Still "upstairs," in a study of South African journalists funded by the South African National Research Foundation, Herman Wasserman, from the University of Cape Town, and I found that a small yet influential number of media professionals are also regular consumers of Chinese media. We presented the findings of the study in a recently published article. Based on interviews with two dozen journalists, we describe four ways in which journalists engage with news organisations from China, which in turn help categorize journalists into four profiles: adopters, pragmatists, unconvinced and resisters. Of particular interest were the first two groups, as they had not been clearly identified in previous literature. We defined adopters, as those whose views about the media are generally critical and who regard China as much of a reliable source of information as any other. Pragmatists are also consumers of Chinese media, but they do so less frequently and somewhat reluctantly. They tend to have an unfavourable view of China’s political system and, by extension, are highly critical of its media, but, from time to time, make use of Chinese sources to get acquainted with a different perspective.
The number of journalists, diplomats and policymakers that have incorporated Chinese media to their daily news consumption habits might be small, but it is noticeable, it appears to be growing and it includes opinion leaders with some power to set the public and media agendas. It is "downstairs" that Chinese media are struggling the most. In another forthcoming study, Herman Wasserman and I organized focus groups in South African and Kenyan universities in order to understand how younger generations engage with Chinese media, if they do at all. The group discussions revealed three major shortcomings in Beijing's efforts to win the hearts and minds of younger Africans.
#1 - Chinese media have low brand recognition.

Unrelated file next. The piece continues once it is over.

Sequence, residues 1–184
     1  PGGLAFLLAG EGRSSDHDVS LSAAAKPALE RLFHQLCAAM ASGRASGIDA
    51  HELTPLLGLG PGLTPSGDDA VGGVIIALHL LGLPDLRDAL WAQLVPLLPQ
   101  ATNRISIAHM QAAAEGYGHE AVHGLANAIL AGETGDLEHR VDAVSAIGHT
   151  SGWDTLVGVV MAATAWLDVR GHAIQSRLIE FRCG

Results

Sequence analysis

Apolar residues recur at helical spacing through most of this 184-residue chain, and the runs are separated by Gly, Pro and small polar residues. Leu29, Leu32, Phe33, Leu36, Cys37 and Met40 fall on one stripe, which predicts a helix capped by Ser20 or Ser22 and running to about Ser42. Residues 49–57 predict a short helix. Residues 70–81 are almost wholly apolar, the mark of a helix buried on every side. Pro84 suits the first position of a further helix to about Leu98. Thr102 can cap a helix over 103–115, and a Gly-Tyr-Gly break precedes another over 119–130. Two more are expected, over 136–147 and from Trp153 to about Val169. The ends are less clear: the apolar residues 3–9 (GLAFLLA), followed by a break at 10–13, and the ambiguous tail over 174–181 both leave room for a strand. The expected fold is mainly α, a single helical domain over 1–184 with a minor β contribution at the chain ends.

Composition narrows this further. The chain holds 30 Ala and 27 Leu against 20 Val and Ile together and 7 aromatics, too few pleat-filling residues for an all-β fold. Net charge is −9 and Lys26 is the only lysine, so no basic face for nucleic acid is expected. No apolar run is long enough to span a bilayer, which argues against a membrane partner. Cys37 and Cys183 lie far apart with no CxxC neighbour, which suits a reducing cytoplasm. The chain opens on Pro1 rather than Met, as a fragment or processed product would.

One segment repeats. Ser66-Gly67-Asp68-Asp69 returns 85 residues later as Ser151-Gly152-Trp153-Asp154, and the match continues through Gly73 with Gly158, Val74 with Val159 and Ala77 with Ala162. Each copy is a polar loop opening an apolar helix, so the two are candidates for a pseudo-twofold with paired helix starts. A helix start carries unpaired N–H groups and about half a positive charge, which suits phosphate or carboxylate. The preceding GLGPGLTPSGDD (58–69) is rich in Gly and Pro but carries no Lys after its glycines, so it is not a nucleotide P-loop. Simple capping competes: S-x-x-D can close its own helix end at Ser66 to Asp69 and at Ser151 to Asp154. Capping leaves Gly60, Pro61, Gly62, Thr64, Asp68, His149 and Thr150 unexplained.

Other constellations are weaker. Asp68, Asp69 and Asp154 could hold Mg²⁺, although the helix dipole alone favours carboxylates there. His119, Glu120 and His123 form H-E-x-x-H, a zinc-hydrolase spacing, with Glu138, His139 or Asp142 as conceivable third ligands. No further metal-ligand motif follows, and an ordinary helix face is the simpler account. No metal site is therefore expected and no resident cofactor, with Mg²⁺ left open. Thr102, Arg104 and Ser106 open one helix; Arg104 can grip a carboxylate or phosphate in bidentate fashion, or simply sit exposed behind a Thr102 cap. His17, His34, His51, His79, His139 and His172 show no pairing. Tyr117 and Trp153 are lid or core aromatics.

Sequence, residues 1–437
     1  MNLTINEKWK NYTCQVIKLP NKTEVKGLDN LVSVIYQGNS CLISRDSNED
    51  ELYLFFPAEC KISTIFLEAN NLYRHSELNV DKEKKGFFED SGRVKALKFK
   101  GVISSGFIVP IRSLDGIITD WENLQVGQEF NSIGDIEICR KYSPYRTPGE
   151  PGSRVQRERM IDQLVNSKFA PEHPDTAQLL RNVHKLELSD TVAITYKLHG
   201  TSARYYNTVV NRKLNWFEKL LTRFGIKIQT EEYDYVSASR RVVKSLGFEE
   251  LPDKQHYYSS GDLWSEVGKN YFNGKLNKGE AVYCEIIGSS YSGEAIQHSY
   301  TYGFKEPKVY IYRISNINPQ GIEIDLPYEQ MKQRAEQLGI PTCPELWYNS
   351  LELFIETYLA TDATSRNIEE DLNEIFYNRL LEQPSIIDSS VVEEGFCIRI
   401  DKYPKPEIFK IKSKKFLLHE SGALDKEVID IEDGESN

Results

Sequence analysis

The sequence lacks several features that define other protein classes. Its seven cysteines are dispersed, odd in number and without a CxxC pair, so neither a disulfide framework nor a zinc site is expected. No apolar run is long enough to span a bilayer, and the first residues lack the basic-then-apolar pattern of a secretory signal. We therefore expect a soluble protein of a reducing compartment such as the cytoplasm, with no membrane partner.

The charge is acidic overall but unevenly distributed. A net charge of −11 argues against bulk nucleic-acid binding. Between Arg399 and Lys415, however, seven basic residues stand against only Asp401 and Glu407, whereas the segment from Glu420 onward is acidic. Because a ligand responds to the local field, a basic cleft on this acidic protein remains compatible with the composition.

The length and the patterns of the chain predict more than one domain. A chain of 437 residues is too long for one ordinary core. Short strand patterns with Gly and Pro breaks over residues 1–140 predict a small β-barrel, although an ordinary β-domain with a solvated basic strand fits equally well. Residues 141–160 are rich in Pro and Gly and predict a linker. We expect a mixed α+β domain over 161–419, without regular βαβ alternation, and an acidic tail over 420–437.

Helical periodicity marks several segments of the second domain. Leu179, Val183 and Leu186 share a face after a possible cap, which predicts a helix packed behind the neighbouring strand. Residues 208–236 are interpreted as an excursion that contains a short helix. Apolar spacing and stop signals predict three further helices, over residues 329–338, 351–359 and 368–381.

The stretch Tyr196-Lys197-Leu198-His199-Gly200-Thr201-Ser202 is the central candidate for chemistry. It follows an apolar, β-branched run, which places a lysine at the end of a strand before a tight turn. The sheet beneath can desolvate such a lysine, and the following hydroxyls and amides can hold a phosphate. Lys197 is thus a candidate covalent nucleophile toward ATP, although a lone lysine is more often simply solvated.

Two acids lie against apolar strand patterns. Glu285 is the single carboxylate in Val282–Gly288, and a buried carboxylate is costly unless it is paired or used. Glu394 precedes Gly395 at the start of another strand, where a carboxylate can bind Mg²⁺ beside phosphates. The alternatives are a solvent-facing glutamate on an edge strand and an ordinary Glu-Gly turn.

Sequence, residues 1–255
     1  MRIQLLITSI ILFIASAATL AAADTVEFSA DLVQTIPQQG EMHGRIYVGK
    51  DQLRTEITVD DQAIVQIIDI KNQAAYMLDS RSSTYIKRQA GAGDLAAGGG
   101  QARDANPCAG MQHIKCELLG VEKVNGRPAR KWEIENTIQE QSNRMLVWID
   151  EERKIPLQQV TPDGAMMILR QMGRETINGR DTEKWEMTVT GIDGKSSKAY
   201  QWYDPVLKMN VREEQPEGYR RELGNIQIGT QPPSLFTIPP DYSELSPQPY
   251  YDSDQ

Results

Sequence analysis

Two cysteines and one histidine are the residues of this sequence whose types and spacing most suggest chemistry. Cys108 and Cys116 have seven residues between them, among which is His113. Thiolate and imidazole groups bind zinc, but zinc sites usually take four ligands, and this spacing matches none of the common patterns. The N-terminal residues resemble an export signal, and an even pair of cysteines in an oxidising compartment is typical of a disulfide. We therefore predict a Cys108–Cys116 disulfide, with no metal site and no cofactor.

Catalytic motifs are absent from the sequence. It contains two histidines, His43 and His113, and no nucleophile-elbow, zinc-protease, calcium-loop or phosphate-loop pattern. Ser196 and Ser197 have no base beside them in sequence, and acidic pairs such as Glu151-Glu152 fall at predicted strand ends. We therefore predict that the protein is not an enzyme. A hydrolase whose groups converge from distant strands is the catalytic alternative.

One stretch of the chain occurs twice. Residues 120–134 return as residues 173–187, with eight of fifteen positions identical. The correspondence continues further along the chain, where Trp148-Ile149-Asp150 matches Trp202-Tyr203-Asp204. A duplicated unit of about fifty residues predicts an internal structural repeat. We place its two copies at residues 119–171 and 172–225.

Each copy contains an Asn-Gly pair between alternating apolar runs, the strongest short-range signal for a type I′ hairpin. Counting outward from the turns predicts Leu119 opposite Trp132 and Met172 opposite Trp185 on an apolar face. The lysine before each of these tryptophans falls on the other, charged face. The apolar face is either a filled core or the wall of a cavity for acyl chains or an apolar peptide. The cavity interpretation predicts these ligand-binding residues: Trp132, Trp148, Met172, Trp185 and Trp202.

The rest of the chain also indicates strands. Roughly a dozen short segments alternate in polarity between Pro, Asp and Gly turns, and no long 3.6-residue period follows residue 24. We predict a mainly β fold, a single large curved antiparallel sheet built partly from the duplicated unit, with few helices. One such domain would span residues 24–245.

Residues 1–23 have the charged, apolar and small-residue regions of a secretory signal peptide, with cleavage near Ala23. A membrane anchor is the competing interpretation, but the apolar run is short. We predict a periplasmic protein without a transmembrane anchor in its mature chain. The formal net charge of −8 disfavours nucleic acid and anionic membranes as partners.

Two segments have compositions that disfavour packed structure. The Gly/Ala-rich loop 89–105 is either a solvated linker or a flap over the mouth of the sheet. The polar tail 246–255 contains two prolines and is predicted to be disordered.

When we asked students about their media consumption habits, not once was a Chinese media house mentioned. Conversely, BBC, CNN, Al Jazeera and RT were frequently brought up. When prompted with a list of Chinese media organisations (from CCTV to WeChat or Weibo), few were able to recognise them. WeChat, which has run some high profile marketing campaigns in both Kenya and South Africa, seemed to be the most recognisable. However, when it came to actual use, students still preferred US-based apps such as WhatsApp or Messenger. The difficulty in becoming a household name for Chinese media is aggravated by recent rebranding processes which have affected all major news media, particularly online (CCTV is now CGTN, Xinhua is, again, New China, and CRI is China Plus News).
#2 - Chinese media suffer from China's own image problems.
While the most recent wave of the Afrobarometer, Africa's largest public opinion survey, shows that over 60 per cent of Africans believe that China's influence in the continent is somewhat or very positive, when asked about things that are not so good, 36 per cent of Africans mention the quality of Chinese products and 13 per cent complain about Chinese citizens taking jobs and business opportunities from the locals. Even though these factors are not strictly related to the media, they do seem to have an impact on people when they are asked to evaluate news published by Chinese media. In our focus groups, we presented students with news clips from Al Jazeera and CGTN. In both cases we masked out the origin of the clip. While Al Jazeera was easily recognizable to students, CGTN was not. In several occasions, students praised the content of CGTN, but then went on to change their opinion after they were told it was a Chinese news organisation.
#3 - Chinese media have chosen the wrong platform.
There is a mismatch between current consumption practices among young Kenyans and South Africans and the main outreach channels used by Chinese media. Mobile news consumption is on the rise in urban Africa, yet the main platforms through which Beijing is trying to engage with foreign audiences are television (mostly satellite) and print. Over the last year, there has been a push to increase content on non-Chinese social media platforms (Twitter, Facebook and YouTube), but Chinese media trail behind most (if not all) of their international competitors. For example, by late April, CGTN Africa's Twitter account had over 77.000 followers, far behind BBC Africa's 1.5 million, Reuters Africa's 500.000 or CNN Africa's 382.000.
During my last visit to what was still then called CCTV Africa, journalists and editors discussed openly some of the latest rumours: were plans to launch a 24-hour channel in Africa real? will there soon be a French version of the station? will CCTV Africa's two daily hours of live broadcast be extended? CGTN Africa is not a project with short-term goals. It is part of an ambitious plan to build a truly global news network that can propagate China's view on global affairs. The effectiveness of this plan, however, can only be achieved if there is an audience for it. As it currently stands, those paying attention seem to be just a small few.